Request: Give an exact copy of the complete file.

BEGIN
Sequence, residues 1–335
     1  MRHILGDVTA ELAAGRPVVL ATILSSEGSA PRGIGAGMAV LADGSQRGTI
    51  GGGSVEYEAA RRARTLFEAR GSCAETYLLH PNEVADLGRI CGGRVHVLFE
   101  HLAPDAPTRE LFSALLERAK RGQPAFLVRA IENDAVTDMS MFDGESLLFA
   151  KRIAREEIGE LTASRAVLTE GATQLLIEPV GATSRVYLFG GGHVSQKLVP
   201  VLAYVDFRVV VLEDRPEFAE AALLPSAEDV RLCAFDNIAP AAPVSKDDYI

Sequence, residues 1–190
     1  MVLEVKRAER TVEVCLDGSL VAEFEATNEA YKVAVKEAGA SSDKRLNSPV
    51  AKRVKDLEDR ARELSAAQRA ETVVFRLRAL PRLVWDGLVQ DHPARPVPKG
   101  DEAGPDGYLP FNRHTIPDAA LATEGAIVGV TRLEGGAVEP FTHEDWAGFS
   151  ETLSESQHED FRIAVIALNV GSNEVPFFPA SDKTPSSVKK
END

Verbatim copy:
Sequence, residues 1–335
     1  MRHILGDVTA ELAAGRPVVL ATILSSEGSA PRGIGAGMAV LADGSQRGTI
    51  GGGSVEYEAA RRARTLFEAR GSCAETYLLH PNEVADLGRI CGGRVHVLFE
   101  HLAPDAPTRE LFSALLERAK RGQPAFLVRA IENDAVTDMS MFDGESLLFA
   151  KRIAREEIGE LTASRAVLTE GATQLLIEPV GATSRVYLFG GGHVSQKLVP
   201  VLAYVDFRVV VLEDRPEFAE AALLPSAEDV RLCAFDNIAP AAPVSKDDYI

Sequence, residues 1–190
     1  MVLEVKRAER TVEVCLDGSL VAEFEATNEA YKVAVKEAGA SSDKRLNSPV
    51  AKRVKDLEDR ARELSAAQRA ETVVFRLRAL PRLVWDGLVQ DHPARPVPKG
   101  DEAGPDGYLP FNRHTIPDAA LATEGAIVGV TRLEGGAVEP FTHEDWAGFS
   151  ETLSESQHED FRIAVIALNV GSNEVPFFPA SDKTPSSVKK